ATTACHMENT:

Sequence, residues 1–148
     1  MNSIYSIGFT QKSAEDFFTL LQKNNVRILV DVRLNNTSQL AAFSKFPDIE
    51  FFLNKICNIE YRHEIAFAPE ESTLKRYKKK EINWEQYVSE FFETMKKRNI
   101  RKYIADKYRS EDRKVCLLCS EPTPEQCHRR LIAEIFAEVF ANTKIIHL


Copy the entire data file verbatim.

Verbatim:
Sequence, residues 1–148
     1  MNSIYSIGFT QKSAEDFFTL LQKNNVRILV DVRLNNTSQL AAFSKFPDIE
    51  FFLNKICNIE YRHEIAFAPE ESTLKRYKKK EINWEQYVSE FFETMKKRNI
   101  RKYIADKYRS EDRKVCLLCS EPTPEQCHRR LIAEIFAEVF ANTKIIHL